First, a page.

From Hot Starts and False Starts to Smart Starts: In Situ PCR
by Marta Corcoran , Ph.D., NCI, Mike Levin, M.D., NINDS, Steven Jacobson, Ph.D., NINDS, and Lance Liotta, M.D., Ph.D., NCI.
The enticing promise of in situ polymerase chain reaction (ISPCR) is that by amplifying DNA within cells, the sensitivity of in situ hybridization (ISH) is elevated to permit detection of single copy DNA sequences or low copy mRNAs in individual cell preparations or tissue sections. This would allow researchers to visualize single cells bearing premalignant mutations or karyotypic alterations. In addition, genetic engineers and virologists might use ISPCR to demonstrate incorporation of transfected DNA, proviral sequences or infectious agents.
How the Method Works:
The concept of ISPCR is simple. Specific nucleic acid sequences are amplified inside single cells to achieve copy numbers easily detectable by ISH. At first the procedure seems straight forward: simply place a slide containing a smear of cells or tissue section onto a thermocycler overlayed with the usual PCR reaction mixture. Following amplification, detection of product is evaluated by ISH. In practice, the simplicity is deceptive. Many NIH scientists experienced with PCR and ISH have been unable to get ISPCR to work reproducibly. For this reason, The NIH Catalyst has received a number of requests to feature ISPCR in this column.
Inspecting the details of ISPCR can provide insight into the sources of artifacts. As outlined in the figure, cells or tissues are first fixed, then treated with proteinases and permeabilizing agents. This treatment allows the primers access into the cell without damaging cell morphology. Ideally, the permeabilized cells should function as "amplification sacks" (1) with semipermeable membranes allowing primers, polymerases, and nucleotides to enter the cell, but trapping the amplified target sequence inside the cell. If DNA is the target sequence, direct PCR amplification is performed. However, if the target sequence is mRNA, a preliminary reverse transcription is required to generate a cDNA template which is subsequently amplified. To confirm sensitivity and specificity, these procedures require appropriate positive and negative controls. PCR amplification is conducted in either a thermocycling oven or a block cycler. The amplified intracellular sequences are visualized directly if digoxygenin (DIG)-UTP is incorporated into the amplification reaction or indirectly by post-PCR ISH using probes that recognize sequences flanked by the PCR primers (Fig. 1).
After surveying various protocols and refinements utilized by researchers at the NIH, we are optimistic that the problems associated with ISPCR can be resolved. ISPCR can yield accurate results if the primers that yield appropriate PCR product are adapted to specific conditions so as to minimize artifacts due to diffusion of PCR products, non-specific priming and incorporation of nucleotides. A "hot start technique" for ISPCR has appeared in the literature that may reduce mispriming and primer oligomerization (2). Dr. Nuovo has published a protocol for RT in situ PCR which targets mRNA (3).
Two Protocols for in-situ PCR
Since obtaining consistent results has been challenging, we have included two different ISPCR protocols in this article. The first, by Pierre Gressens and John R. Martin of NINDS (4) directly incorporates DIG-labeled dNTP's into the amplified PCR product, and then detects the product with alkaline phosphatase. The second, by Michael Levin and Steve Jacobson of NINDS (5), utilizes overlapping multiple primer sets to retain amplified PCR products within the cell and detects the product with a specific S labeled riboprobe to maximize specificity and specific activity. Mention of specific products does not constitute an endorsement.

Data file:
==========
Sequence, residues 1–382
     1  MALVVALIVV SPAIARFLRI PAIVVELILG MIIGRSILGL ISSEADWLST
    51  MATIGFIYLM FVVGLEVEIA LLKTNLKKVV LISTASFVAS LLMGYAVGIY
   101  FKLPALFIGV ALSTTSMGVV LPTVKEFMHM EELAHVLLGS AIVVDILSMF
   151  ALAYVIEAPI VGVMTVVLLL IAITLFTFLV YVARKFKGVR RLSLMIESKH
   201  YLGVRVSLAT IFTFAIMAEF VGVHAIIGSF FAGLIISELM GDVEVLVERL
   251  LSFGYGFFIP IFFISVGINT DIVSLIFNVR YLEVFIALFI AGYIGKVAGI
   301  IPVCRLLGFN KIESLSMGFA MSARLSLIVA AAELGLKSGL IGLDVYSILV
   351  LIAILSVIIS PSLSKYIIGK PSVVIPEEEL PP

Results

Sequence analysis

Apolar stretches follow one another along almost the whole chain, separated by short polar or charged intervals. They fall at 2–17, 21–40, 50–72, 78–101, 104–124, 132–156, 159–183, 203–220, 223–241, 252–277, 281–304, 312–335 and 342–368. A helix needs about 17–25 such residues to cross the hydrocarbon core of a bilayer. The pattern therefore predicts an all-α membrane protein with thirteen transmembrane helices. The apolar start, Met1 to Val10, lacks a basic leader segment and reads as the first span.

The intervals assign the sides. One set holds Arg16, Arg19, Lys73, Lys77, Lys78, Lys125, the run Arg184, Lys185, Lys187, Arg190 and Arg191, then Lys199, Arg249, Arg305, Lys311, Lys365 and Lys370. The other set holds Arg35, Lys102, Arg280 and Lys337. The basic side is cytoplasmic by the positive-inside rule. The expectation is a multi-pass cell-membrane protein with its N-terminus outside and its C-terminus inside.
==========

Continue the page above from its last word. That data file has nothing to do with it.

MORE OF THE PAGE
In-Situ PCR with Direct Visualization
1. The treatment of slides, tissue fixation and de-paraffinization of tissues is similar to those used for ISH. De-paraffinize tissue using xylene and absolute ethanol followed by phosphate buffered saline (PBS) rehydration.
2. Digest the sample in 200ul of proteinase K for 5 min at 37[o]C. (For brain sections, 10, 25, or 50 ug/ml proteinase was used. For trigeminal ganglia sections, 25ug/ml of the proteinase gave the best tissue preservation for subsequent amplification of herpes simplex virus.)
3. Wash with PBS three times for 5 min. Wash 5 min with distilled water.
4. For the "hot-start" technique preheat the slides, PCR mixture, coverslips and mineral oil to 82[o]C. The PCR mixture should include the following:
10uM each dATP, dCTP, and dGTP
6.5uM DIG dUTP
2.5 units Stoffel Taq polymerase and 2.5mM MgCl2 OR 2.5 units native Taq polymerase and 1.5mM MgCl2
5. Apply PCR mixture to slide and cover with a coverslip which could be anchored with nail polish. Blanket with a layer of mineral oil and transfer to thermocycler oven in an aluminum foil boat.
6. Amplify 1 min at 96[o]C, 1 min 59[o]C and 1min at 72[o]C. (For brain sections, amplify 15 cycles; for trigeminal ganglia use 30 cycles.)
7. Remove oil by dipping slide in xylene and absolute ethanol. Remove coverslip.
8. Wash three times for 5 min in 10mM Tris-HCl (pH 8.3) containing 1.5mM MgCl2 and 0.001% gelatin. Wash three times for 10 min in 50% formamide-2X-SSC (0.3M sodium chloride and 0.03M sodium citrate) at 37[o]C. Wash twice in 2X SSC at room temperature.
9. Detect amplified sequences by alkaline phosphatase using anti-DIG antibody as described by Boehringer- Mannheim Genius Kit 3 (Nucleic Acid Detection kit).
10. Counterstain cell nuclei and mount with aqueous mounting medium.
Protocol for In-Situ PCR with Indirect Visualization (5, 6, 8)
1. For the amplification, all solutions are made in diethyl polycarbonate (DEPC)-treated water. Fixed cell are prepared as described by Fox et al. (6). Briefly, 5 X 10 cells are suspended in 100-200 ul of normal human serum. A cell suspension clot is formed by adding 200-300 ul of thrombin. Clots are fixed at room temperature with 4% paraformaldehyde followed by paraffin embedding. Five micron sections of the clot are placed on silinated slides.
2. Deparaffinize slides with xylene. Rinse in absolute ethanol and rehydrate in 0.1 M Tris HCl (pH 7.4) for 10 min. Permeabilize in 0.1M Tris HCI (pH 7.4) containing 0.3% Tween 20 and 0.3% NP 40 for 10 min.
3. Digest in proteinase K (10 ug/ml) for 10 min. at 37[o]C. Wash with 0.1 M Tris/HCl (pH 7.4) three times for 5 min. each.